Last night I went to see ‘The gut movie’ by Kale Brock.
I wanted to share my take away messages with you.
Although I didn’t learn anything new about the gut (as this is an area I already follow quite closely) it did reiterate some important points I wanted to share.
First of all I always find it fascinating learning about different cultures and other peoples way of life so watching Kale’s journey living with the San Bushmen was insightful and fascinating. What made it extra special to watch was the fact that 2 years ago on a family trip to Africa I too met this incredible tribe (but was not fortunate enough to actually live with them).
They did have a great sense of humour playing a prank on us. They told us they were catching a rabbit and then proceeded to pull a plant out of the ground and throw it at us as if it was a rabbit. They had my whole family screaming. It was quite amusing.
There is something so special about all these nomadic tribes who live off the land, have no technology or western comforts and yet are so happy. What they do have is a great sense of community, connection with others and the land, eating real food, being grateful for what they do have and enjoying life for what it is. It’s so easy to get caught up in what we don’t have that sometimes stripping it all back to the basics shows us what matters most.
When it comes to gut health here are the main points I took away:
- Gut health and the microbiome (all the microbes that live in and on us) play a hugely important part in our overall health.
- There has been an association found between poor microbiota diversity and many western diseases such as cardiovascular disease, autoimmune disease, allergy, certain cancers, Alzheimer’s, depression, ADHD, obesity, diabetes and several inflammatory disorders.
- A sterile environment and over prescription of antibiotics has contributed to a lack of diversity of these good bugs we require.
- All cultures that have low rates of these western diseases also appear to have a wide range of these bacteria in their gut (although the types of bacteria differ from culture to culture).
- In terms of diet they all consume a large amount of plant-based food especially those foods high in fiber and starch.
- Bacteria that are necessary for colonising our guts may also be found on the food when it is freshly picked or in the dirt. Eating organic or growing your own vegetables is best.
- Resistance starch found in green bananas, cooked and cooled potatoes, rice and yams as a few examples helps to feed these good bugs and heal damaged gut tissue.
- Changing the microbiome has been shown in several case studies to be able to reverse certain diseases.
Basically going back to basics is always the best way. It is so easy to get confused about nutrition with all the information we are constantly inundated with. If you are eating real food that is not processed, in season and freshly picked that will always be best. Eat lots of plants and some of everything else. No food- if it is ‘real’ food is bad. You don’t need to be afraid of food. The fear is what is most unhealthy. Meat will not kill you and shock horror neither will sugar. It is only when these things are eaten in the huge quantities we are consuming them in, when they are sprayed with chemicals, are overly refined or have added preservatives that they become detrimental to our health.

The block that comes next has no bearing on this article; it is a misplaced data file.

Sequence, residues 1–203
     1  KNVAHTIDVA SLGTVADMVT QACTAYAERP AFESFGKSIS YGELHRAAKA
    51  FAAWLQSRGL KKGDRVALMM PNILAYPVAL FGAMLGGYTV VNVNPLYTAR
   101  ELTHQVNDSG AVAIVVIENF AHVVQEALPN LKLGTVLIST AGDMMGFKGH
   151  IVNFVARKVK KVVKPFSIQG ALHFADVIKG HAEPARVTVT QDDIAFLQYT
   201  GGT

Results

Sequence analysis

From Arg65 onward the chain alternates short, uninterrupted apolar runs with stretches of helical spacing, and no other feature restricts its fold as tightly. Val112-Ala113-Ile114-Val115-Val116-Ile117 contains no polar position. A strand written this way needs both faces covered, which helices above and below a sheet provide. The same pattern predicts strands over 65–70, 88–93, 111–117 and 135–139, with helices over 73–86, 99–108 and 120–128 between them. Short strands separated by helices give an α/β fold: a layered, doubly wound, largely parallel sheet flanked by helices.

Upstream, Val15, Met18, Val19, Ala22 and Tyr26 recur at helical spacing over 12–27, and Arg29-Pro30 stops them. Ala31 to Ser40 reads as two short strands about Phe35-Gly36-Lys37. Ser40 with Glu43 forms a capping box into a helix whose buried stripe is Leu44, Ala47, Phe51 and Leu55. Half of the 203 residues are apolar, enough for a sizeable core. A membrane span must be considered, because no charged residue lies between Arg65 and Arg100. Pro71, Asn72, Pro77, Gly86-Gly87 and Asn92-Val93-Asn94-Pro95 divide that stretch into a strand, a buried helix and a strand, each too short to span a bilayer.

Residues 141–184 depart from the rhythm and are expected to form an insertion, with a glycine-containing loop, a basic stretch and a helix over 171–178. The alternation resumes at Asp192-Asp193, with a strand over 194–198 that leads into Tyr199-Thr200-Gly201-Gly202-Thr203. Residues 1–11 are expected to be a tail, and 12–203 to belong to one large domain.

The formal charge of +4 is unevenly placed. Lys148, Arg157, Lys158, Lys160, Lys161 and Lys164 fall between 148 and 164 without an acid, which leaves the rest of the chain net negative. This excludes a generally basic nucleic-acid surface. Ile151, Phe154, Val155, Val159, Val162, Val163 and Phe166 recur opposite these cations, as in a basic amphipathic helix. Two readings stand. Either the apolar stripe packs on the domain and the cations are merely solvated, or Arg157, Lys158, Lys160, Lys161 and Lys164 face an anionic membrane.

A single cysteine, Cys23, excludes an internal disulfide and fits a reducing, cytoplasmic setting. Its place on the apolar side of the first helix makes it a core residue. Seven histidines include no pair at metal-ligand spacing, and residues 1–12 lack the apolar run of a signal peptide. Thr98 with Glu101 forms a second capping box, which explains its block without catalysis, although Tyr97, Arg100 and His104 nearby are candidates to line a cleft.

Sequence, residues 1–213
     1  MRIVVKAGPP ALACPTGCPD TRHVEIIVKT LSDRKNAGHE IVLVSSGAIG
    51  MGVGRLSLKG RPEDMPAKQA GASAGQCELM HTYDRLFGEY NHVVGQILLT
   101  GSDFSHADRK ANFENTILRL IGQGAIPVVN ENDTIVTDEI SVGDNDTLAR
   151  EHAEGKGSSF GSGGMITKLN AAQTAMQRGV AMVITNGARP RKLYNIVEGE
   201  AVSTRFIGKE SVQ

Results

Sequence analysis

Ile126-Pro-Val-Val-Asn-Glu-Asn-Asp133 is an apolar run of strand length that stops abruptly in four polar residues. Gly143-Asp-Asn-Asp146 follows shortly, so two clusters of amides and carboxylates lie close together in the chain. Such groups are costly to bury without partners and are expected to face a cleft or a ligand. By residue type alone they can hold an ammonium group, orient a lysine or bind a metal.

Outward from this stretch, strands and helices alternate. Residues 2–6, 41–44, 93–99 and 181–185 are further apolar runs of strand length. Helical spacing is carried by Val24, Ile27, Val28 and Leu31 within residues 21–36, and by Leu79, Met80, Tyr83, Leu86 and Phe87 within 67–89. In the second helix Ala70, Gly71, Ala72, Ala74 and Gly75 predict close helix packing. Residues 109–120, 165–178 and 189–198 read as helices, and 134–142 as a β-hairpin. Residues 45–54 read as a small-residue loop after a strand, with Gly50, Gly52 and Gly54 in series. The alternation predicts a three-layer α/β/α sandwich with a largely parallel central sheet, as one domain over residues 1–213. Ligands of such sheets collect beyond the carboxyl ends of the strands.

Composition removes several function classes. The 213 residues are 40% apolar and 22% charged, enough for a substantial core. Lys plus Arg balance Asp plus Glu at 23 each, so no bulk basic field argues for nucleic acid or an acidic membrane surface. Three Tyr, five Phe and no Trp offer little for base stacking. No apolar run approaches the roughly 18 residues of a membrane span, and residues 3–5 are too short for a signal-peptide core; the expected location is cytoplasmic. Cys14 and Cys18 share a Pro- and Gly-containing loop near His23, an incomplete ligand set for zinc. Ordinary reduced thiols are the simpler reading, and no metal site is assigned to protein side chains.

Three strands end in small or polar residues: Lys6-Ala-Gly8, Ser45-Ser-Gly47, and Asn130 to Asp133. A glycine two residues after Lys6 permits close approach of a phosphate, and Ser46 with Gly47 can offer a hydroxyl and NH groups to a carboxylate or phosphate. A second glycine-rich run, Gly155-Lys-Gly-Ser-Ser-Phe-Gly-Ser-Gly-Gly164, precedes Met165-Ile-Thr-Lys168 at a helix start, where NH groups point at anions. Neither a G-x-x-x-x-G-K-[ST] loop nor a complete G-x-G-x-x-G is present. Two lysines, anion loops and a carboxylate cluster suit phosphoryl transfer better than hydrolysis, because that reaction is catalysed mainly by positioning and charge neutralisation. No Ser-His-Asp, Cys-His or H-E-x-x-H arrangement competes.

Do you want to know the real secret to good health?
It’s not even about diet and exercise.
All the cultures in the world, which live longest and have the least disease, have one thing in common. It’s about lifestyle not fad diets. Not even diets at all. The only aspect of diet they all have in common is that they all consume some form of legume.
Their lifestyle for longevity and health includes:
- Moderate, regular physical activity.
- Life purpose.
- Stress reduction.
- Moderate calories intake.
- Plant-based diet.
- Moderate alcohol intake, especially wine.
- Engagement in spirituality or religion.
- Engagement in family life.
- Engagement in social life.
I think there needs to be some reframing around our lifestyle to put things such as life purpose, social connection and spirituality as top priorities (or simply as priorities at all). Only then will movement and eating right for our bodies come naturally and easily.
The gut is an area of great interest and importance and we will only be seeing more information being discovered in the future. However, it is nothing to be overwhelmed about. Simply eat a wide variety of plant-based foods including resistant starch and then listen to your body when it comes to everything else. When you focus on things like spirituality, stress reduction, life purpose and connection with others you automatically becomes more in tune with your body. You will then notice that you are aware of what you should and should not be eating. As everyone is different there is no 1 diet that suits all. Know your body and give it what it is asking for. It is that simple!